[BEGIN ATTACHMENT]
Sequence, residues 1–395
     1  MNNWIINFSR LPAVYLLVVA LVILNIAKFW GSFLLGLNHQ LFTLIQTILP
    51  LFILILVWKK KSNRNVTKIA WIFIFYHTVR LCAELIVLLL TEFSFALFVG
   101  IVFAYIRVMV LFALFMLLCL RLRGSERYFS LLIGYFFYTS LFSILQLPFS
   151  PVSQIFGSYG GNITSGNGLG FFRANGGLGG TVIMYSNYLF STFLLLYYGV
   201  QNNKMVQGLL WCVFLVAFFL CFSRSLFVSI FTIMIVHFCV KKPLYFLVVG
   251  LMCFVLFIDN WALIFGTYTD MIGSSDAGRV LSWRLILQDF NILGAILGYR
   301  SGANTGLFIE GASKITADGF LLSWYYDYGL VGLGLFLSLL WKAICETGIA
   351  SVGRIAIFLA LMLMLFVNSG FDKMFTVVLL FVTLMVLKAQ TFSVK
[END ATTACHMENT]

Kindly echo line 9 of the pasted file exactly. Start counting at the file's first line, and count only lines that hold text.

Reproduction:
   351  SVGRIAIFLA LMLMLFVNSG FDKMFTVVLL FVTLMVLKAQ TFSVK